“I am personally outraged by Ms. Dixon-Cole’s treatment—not only due to the horrible assault allegations, but in how her claim has been handled by the Texas Department of Public Safety and the Wayne McCollum Detention Center where she first reported the attack,” Merritt said in an exclusive statement to The Root.
“We have an obligation to take claims of sexual assault seriously and to follow the proper protocol to preserve evidence. The state has failed to meet this obligation,” Merritt continued.
The Texas Department of Public Safety released the following statement in response to Dixon-Cole’s claims:
Upon learning of the allegations today, the department immediately took action to review the dashcam video. The video shows absolutely no evidence to support the serious accusations against the trooper during the DWI arrest of the suspect.
DPS will present the video to the [District Attorney’s] Office to determine if any further action is needed.
The department will release the video to the public if there are no objections by the DA’s Office.
The video has yet to be released.
According to Merritt, Dixon-Cole alleges that Hubbard took steps to “obscure video evidence and to avoid dashcam recordings.”
Unfortunately, sexual assault at the hands of police officers is not unique.
Sexual misconduct is the second-highest form of police misconduct in the nation after excessive force. According to a 2007 report prepared for the United Nations Committee on the Elimination of Racial Discrimination, “rape and sexual abuse by police [in the United States] are primarily reported by women of color.”
Additionally, nearly a thousand police officers have been stripped of their badges for sexual misconduct, according to a yearlong investigation conducted by the Associated Press, which found that in a six-year period—2008-2014—these officers were guilty of “rape, sodomy and other sexual assault; sex crimes that included possession of child pornography; or sexual misconduct such as propositioning citizens or having consensual but prohibited on-duty intercourse.”
But we can go all the way back to 1949—and, of course, before, but let’s start there. That year, Gertrude Perkins was abducted and raped by two white police officers in Montgomery, Ala.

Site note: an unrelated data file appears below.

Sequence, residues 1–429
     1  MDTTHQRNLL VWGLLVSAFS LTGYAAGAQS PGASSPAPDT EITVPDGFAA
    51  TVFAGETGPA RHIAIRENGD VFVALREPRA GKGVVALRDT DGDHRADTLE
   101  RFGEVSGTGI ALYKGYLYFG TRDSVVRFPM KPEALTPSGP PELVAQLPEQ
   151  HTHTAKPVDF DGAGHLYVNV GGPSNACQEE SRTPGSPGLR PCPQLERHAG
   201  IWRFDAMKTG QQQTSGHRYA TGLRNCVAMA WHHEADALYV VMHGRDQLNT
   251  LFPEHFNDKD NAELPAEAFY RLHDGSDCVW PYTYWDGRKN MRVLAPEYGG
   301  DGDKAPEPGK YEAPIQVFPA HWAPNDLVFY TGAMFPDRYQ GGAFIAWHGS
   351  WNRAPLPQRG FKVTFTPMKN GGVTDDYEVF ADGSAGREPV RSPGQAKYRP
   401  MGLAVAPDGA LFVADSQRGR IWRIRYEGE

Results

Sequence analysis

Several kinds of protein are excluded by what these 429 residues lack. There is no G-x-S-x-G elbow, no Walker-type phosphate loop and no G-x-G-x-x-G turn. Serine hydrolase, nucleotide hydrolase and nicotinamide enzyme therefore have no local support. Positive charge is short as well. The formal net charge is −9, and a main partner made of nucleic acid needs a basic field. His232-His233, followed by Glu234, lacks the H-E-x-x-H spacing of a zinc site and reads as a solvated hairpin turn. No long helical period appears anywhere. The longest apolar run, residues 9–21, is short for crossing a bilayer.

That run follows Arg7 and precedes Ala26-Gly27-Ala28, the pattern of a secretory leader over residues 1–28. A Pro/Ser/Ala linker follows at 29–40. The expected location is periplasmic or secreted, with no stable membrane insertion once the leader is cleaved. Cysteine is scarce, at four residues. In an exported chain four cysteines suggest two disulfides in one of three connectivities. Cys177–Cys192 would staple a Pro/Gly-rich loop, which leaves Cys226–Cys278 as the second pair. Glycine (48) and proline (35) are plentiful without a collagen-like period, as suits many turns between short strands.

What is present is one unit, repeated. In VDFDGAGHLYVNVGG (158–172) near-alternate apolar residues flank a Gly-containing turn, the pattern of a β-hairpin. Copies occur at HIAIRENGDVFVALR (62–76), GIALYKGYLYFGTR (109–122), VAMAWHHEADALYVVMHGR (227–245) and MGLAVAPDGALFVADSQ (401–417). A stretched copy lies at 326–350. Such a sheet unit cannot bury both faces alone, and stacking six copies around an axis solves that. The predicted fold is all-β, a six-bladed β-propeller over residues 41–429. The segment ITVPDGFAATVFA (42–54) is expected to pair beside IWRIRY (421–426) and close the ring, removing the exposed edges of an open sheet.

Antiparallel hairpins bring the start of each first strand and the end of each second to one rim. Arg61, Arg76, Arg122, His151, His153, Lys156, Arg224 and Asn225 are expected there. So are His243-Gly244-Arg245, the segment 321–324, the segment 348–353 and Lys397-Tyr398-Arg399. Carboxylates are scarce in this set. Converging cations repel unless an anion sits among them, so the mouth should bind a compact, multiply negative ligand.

The officers accused her of “public drunkenness,” just as Dixon-Cole was, and pushed her into the back of their squad car and drove her to a railroad embankment, where they raped her behind a building. Perkins was then dumped at a bus stop and warned to keep her mouth shut.
“Black women are routinely killed, raped and beaten by the police,” wrote Kimberlé Crenshaw, director of Columbia Law School’s Center for Intersectionality and Social Policy Studies and co-founder of the African American Policy Forum, in the 2015 report, “#SayHerName: Resisting Police Brutality Against Black Women.”
Even though now-former Oklahoma City Police Officer Daniel Holtzclaw was sentenced to 263 years in prison for the rapes and sexual assaults of seven black women and one underage black girl, for years, he was allowed to terrorize vulnerable women in the community. According to prosecutors, he abused his power to target the ones so terrified of police—or resigned to the fact that the system is designed to protect officers and white America, not black victims—that he knew he could threaten them with jail if they dared to refuse or report him.
As I’ve written previously, black women have always, always found themselves at the intersection of state and sexual violence, because this country teaches men—those with power and those without—that black women are disposable. Dixon-Cole’s case is the one we’re talking about today, but these egregious, dehumanizing crimes are taking place in communities across this country.
She deserves justice—every single victim of sexual assault does, regardless of their socioeconomic status or whether or not they are considered “respectable” in the eyes of a misogynoir-ist society.
As Andrea Ritchie, author of Invisible No More: Police Violence Against Black Women and Women of Color, which I believe to be required reading for anyone who cares about this issue, said in a 2017 interview:
[O]ne significant reason for invisibility of police violence against black women and women of color [is] because it’s happening in private spaces—in clinics, in homes, in welfare offices, in the back seats of patrol cars, in vacant lots, in precincts—and we are not seeing it in the same ways of the kind of public stop and frisk or the public excessive force or the public shootings that we see more often for black and brown men.
That is the ugly truth, but Dixon-Cole’s story will not be invisible.